Tag Archives: Julie Johnson

The Johnsons

April 27, 2017 by
Photography by Sarah Lemke

Distant from the city lights and engulfed by nature, one might feel overwhelmed by the unidentified bustle in the bushes, the sticky humidity, and the irritating mosquitoes. For the Johnson family, it means they’re all together, and it’s their home away from home.

Ransom and Julie Johnson have taken countless camping trips with their kids.

The couple upgraded their tent size as they welcomed their children over the years. The Johnson clan—which includes Grace, 9; Ella, 11; Nate, 19; and Merci, 27—camps together several times each summer.

Ransom and Julie agree that the family time spent outdoors together gives their curious children a much-needed chance to disconnect and explore.

“It’s good to see them get out and open up their minds. Instead of saying, ‘Oh entertain me,’ it’s ‘What am I going to find to do?’ And they always find something,” Ransom says.

“They might be knee-deep in mud and their clothes are all wet, but it doesn’t matter,” Julie adds.

The family spent several days last year on a camping trip to Yankton, South Dakota. More often, however, the family spends long summer weekends at Two Rivers State Recreation Area in Waterloo, Nebraska. Although it is only a 30-minute drive, the couple says it is the perfect distance from home.

“One thing that always amazes the kids is how much they can see once they get out of the lights of town. How much more brilliant the stars are,” Ransom says.

When everyone feels cooped up in the house, and the kids are bickering with one another, the short escape does a lot of good for their family.

“You get them out to the campsite for two-three days and they don’t have anything to fight about anymore,” Ransom says. “They have to rely on each other. They get along with each other.”

Ransom has been camping for as long as he can remember.

He introduced Julie to the leisure activity when they were dating. While they started out with a two-person tent, they’ve accumulated quite the camping haul.

Over the years, they’ve built up a supply of two 10-person tents, a couple of smaller tents, a canoe, and many pieces of cooking equipment. Their supplies range from coffee pots, to coolers, to Dutch ovens.

Most of the time, their camping meals consist of burgers, sandwiches, or hot dogs. Other times the family eats fruit, or chips and other junk food.

“It kind of just depends on how much planning and preparation is involved,” Julie says. “Sometimes we just grab what’s in the cupboard and go.”

The spontaneity, Julie says, is what makes the trips so memorable.

“The kids can be sitting, reading, and then they see something,” Ransom adds. “And all of the sudden they’re off to investigate whatever leaf blew by, or whatever it may be.”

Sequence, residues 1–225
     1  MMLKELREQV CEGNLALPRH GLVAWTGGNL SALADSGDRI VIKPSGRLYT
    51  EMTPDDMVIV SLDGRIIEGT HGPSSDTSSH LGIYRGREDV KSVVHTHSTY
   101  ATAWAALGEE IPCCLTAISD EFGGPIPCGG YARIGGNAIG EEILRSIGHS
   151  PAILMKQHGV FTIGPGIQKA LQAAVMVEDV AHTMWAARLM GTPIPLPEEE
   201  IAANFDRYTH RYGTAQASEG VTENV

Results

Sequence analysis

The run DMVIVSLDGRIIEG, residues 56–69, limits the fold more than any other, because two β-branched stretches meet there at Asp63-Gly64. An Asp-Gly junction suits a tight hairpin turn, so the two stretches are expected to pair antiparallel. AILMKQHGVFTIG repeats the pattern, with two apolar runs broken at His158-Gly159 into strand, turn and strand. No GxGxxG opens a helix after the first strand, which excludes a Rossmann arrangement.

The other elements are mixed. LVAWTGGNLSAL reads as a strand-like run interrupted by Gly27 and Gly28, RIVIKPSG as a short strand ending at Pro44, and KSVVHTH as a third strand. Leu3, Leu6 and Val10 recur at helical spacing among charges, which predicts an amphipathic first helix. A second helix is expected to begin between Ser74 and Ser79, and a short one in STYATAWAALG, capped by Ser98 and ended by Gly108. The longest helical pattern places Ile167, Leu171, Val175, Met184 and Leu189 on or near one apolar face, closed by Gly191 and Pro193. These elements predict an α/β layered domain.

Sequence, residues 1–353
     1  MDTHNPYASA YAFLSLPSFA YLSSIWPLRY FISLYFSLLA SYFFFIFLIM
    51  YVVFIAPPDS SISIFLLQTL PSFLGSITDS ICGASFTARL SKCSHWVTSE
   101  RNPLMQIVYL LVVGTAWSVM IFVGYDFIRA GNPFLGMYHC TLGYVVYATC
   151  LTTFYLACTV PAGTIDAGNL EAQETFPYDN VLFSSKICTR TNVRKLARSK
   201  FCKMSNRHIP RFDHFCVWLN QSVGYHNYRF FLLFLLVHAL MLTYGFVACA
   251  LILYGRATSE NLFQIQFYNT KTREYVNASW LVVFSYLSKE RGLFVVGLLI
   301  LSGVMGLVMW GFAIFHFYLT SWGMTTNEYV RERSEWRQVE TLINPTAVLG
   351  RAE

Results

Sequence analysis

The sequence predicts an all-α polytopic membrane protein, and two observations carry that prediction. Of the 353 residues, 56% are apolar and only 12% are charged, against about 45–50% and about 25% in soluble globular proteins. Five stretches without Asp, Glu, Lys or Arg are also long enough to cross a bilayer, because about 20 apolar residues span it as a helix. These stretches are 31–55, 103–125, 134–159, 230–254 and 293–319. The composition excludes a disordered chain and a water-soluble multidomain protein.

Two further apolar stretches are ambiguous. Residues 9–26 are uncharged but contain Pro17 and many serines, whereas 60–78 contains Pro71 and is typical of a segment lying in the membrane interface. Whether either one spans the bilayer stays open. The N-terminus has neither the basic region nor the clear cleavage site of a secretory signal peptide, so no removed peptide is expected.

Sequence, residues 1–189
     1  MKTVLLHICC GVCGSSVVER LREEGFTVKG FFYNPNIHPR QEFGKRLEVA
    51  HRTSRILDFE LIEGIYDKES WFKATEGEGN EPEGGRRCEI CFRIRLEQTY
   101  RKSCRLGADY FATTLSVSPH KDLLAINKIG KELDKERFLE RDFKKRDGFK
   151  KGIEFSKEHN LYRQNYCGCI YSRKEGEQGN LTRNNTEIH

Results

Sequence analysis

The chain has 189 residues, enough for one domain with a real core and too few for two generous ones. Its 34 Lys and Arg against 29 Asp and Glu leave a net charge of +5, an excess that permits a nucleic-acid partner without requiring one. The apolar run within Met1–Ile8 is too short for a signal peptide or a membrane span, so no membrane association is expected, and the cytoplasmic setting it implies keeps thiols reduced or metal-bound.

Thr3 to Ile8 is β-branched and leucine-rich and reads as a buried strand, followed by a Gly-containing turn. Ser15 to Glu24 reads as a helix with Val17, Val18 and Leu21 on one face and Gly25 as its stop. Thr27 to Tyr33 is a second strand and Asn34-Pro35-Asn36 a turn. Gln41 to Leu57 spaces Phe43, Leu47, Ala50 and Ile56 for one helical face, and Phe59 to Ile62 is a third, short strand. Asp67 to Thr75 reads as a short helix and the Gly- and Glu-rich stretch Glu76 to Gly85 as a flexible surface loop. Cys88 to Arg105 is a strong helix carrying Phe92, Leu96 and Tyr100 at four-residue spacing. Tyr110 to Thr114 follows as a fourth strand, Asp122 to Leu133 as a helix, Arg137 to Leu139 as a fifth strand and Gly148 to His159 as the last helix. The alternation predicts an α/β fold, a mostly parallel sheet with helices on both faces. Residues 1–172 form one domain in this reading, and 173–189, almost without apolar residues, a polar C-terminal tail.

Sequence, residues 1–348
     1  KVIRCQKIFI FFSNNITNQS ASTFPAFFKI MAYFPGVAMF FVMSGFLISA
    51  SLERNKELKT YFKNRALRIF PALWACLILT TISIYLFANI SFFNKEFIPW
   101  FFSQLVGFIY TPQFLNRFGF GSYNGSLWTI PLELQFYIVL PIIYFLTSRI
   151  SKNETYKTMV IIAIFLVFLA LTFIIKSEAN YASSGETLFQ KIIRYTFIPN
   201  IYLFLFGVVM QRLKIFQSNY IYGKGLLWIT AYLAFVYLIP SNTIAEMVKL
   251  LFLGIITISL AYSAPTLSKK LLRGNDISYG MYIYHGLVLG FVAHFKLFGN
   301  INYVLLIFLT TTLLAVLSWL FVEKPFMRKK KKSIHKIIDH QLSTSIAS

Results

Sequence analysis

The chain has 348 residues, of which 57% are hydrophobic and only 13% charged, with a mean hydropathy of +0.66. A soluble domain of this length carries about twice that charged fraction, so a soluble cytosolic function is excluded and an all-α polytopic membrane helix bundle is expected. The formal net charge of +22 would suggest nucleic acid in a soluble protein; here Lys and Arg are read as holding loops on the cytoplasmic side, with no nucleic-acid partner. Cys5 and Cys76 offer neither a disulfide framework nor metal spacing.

Much of the children’s love for nature can be attributed to their respective involvement in Boy Scouts and Girl Scouts.

The couple started their son young by not only signing him up for Cub Scouts while he was in the first grade, but serving as the group leaders for a few years. Their son, now 19, participated in Boy Scouts, working his way through the ranks to earn the title of Eagle Scout.

The two younger girls, ages 9 and 11, have been involved with Girl Scouts from a young age. Julie helps out as a co-leader with both troupes.

“It’s important,” Ransom says. “It lets kids explore so many different things … in scouting you can touch on everything from cooking and sewing to rock climbing, robotics, and 50-mile hikes.”

Ransom himself was a Boy Scout. From the parents’ perspective, their kids’ involvement in the programs has been a crucial part of their growing up.

“It teaches them responsibility to the community and to the family,” Ransom says.

The Boy Scouts troop the Johnsons’ son attended camped 11 times per year—sometimes more. Beginning in the fifth grade, they took an annual week-long camping trip to Camp Geiger near St. Joseph, Missouri. There, the boys would stay in tents and earn merit badges.

The Girl Scouts also have the opportunity for an annual overnight wilderness experience where they stay overnight, hike, shoot archery, and take in the nature.

“It’s really about slowing down,” Julie says. “When we’re hustling and we’re talking, we miss seeing the deer or the wild turkey. I try and encourage the girls to just be observers of nature.”

It is plain to see where the love for outdoors stems from in the Johnson family. All the family members appreciate the little moments in the camping, hiking, and memories made on their highly anticipated summer adventures.

This article was printed in the Summer 2017 edition of Family Guide.

l-r: Ella, 11, and Grace, 9, spend quality time in their family tent.

Gridiron Gals

March 22, 2014 by
Photography by Bill Sitzmann